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The role of rx genes in establishment and maintenance of the medaka ciliary marginal zone

Tavhelidse, Tinatini

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Postembryonic growth is a highly coordinated and delicate process, during which shape and function of complex organs have to be maintained. Anamniotes, such as fish and amphibia, grow lifelong. This property is mediated by stem cells, which must ensure full organ functionality along with proper scaling with the increasing body size. In the anamniote retina, postembryonic neurogenesis and growth is mediated by retinal stem cells in the ciliary marginal zone (CMZ). The family of Rx transcription factors is highly conserved among vertebrates and plays a key role in early eye development. In the teleost medaka (Oryzias latipes), the retina-specific homeobox transcription factor 2 (Rx2) has been shown to be a marker for multipotent retinal stem cells. Its closely related paralogue Rx1 has not been studied in detail so far. I hypothesise a role for rx1 and rx2 genes in establishment of the retinal stem cell domain and therefore in mediating postembryonic growth and shape of the eye. I used novel CRISPR/Cas9-mediated gene tagging approaches, developed in the framework of this thesis, to visualise endogenous medaka rx2 and, for the first time, rx1 expression. I carried out clonal loss-of-function studies of medaka rx1 and rx2, indicating a role in balancing stem cell fate decisions. Systemic loss-of-function studies of rx1-/-/rx2-/- double mutants revealed a role in early retinal morphogenesis, as well as in establishment and maintenance of the CMZ by conferring retinal stem cell identity. Furthermore, I established tools necessary to generate a labelled allelic series of rx1 and rx2 mutants. Eventually, I characterised an rx2 conditional allele, which will be instrumental to address late function of rx2 in the CMZ, thereby deciphering whether the retinal stem cell niche is dynamic or rather deterministic. Taken together, my results reveal a function for rx1 and rx2 in establishment and maintenance of the medaka CMZ and indicate a role in regulation of growth and scaling of eye size.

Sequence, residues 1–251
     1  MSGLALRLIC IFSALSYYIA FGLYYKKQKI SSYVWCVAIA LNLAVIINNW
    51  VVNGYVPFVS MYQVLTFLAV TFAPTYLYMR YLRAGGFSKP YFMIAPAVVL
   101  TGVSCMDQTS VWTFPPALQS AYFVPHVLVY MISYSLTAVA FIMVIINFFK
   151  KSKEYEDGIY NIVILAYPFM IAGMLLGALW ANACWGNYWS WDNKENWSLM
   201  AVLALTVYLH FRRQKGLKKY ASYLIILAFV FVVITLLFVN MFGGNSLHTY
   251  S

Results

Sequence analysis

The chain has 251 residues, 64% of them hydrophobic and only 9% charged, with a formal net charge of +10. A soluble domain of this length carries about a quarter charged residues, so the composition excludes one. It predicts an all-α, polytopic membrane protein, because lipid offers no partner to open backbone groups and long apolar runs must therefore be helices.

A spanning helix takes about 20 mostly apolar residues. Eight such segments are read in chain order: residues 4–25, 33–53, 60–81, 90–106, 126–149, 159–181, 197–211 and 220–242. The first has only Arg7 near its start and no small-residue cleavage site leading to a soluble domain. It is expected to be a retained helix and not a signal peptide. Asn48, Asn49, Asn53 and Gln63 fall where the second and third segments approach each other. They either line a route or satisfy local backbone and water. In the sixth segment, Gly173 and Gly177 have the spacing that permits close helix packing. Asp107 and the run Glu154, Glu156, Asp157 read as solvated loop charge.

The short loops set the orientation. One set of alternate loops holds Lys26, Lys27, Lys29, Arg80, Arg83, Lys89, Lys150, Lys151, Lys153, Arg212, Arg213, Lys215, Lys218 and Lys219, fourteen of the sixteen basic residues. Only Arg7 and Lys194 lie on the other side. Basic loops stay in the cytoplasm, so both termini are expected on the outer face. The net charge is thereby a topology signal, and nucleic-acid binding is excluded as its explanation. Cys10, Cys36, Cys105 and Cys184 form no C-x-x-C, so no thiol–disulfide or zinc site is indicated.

Item Type: Dissertation
Supervisor: Wittbrodt, Prof. Dr. Joachim
Date of thesis defense: 22 March 2019
Date Deposited: 08 Apr 2019 05:51
Date: 2019
Faculties / Institutes: The Faculty of Bio Sciences > Dean's Office of the Faculty of Bio Sciences
Subjects: 500 Natural sciences and mathematics
570 Life sciences
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